The increased risks posed by this exposure were completely sidestepped by the panel even though widely respected animal studies with nitrosamine compounds show that exposure during infancy increases the cancer risk from N-nitroso compounds by a factor of six (Gray et al 1991).

The NAS study acknowledged 27,000 infants drinking water contaminated with nitrate in excess of the federal 10 ppm standard, but then failed to assess whether any increased cancer risk would be associated with such elevated nitrate exposure immediately after birth.

Ultimately the committee undermined its own conclusion that the 10 ppm standard is adequate by recommending that:

 

"limiting infant exposure to nitrate would be a sensible public health measure. It could be accomplished by minimizing exposure to both foods and water that are high in nitrate..." (NAS 1995 p. 49)

 

Lastly, the committee recommended further study of possible developmental effects for infants exposed to nitrate. The uncertainties acknowledged by the committees are more than enough to warrent a modest, two-fold safety margin in the current 10 ppm standard.

The Health Effects of Nitrate

A review of available peer reviewed literature on nitrate toxicity reveals a near systematic failure of the EPA to incorporate current scientific knowledge into drinking water standards. These shortcomings apply to all the toxic effects of nitrate, including:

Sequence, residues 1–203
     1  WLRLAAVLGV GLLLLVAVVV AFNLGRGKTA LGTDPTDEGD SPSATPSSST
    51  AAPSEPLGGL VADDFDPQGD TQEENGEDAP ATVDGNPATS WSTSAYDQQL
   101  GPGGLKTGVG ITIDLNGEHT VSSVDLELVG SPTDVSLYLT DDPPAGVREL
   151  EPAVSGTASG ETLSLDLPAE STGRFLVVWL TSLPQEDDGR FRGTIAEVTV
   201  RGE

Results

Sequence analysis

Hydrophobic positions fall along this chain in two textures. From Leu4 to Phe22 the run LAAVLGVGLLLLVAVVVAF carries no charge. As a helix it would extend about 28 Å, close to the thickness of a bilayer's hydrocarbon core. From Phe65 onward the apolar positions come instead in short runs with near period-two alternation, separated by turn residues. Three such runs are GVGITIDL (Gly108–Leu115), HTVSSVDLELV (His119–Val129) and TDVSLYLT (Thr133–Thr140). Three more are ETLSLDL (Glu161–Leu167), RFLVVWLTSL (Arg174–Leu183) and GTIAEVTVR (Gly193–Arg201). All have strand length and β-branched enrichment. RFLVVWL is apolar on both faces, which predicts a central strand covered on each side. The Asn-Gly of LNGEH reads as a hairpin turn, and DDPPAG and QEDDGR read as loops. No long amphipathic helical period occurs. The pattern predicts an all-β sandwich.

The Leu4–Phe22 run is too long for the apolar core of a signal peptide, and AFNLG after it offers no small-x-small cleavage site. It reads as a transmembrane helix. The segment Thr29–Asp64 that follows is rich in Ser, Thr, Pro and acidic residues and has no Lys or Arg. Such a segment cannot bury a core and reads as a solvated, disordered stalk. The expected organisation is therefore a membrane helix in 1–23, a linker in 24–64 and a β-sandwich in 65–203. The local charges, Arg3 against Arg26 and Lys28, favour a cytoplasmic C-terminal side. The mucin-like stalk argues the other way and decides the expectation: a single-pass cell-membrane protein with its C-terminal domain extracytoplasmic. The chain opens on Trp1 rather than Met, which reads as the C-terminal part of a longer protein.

• Methemoglobinemia. Nitrate causes methemoglobinemia in infants and this has been the principle health concern of regulators around the globe. The U.S. standard for nitrate is two times weaker than the standard in Germany and South Africa, and nearly twice as permissive as guidelines set by the European Community.
  • Cancer. Nitrate is converted to nitrite after ingestion, and this nitrite reacts with both natural and synthetic organic compounds to produce N-Nitroso compounds in the human stomach. Many of these N-Nitroso compounds are carcinogenic in humans (IARC 1978, NAS 1977), and numerous researchers and a substantial body of literature suggest that high nitrate levels in drinking water may increase cancer risks (Mirvish 1983, Mirvish 1991). To date, the EPA has completely ignored the contribution of nitrate in drinking water to the human cancer risk from N-Nitroso compounds.

Infant exposure, particularly when nitrate levels approach the 10 ppm standard, appears to be especially important. Recent animal studies have shown that rats exposed to N-Nitrosodiethylamine during infancy are six times more likely to develop cancer than those exposed after weaning (Gray et al 1991). Human epidemiology studies also have suggested that cancer risks may be higher for those exposed to nitrate contaminated water in the first ten years of life (Cuello 1976).

  • Disruption of thyroid function. An important study by Danish researchers found that individuals drinking water with a high nitrate content exhibited a dose related increase in hypertrophy, a condition marked by enlargement of the thyroid, the gland responsible for many of the body's endocrine and hormonal functions (Van Maanen, et al. 1994).
  • Birth Defects. At least five studies have indicated a possible link between exposure to nitrite, nitrate and N-Nitroso compounds and birth defects. The effects of exposure were first observed in animal studies, but have since been observed in human epidemiological studies (Dorsch 1984; Knox 1972; Super 1981).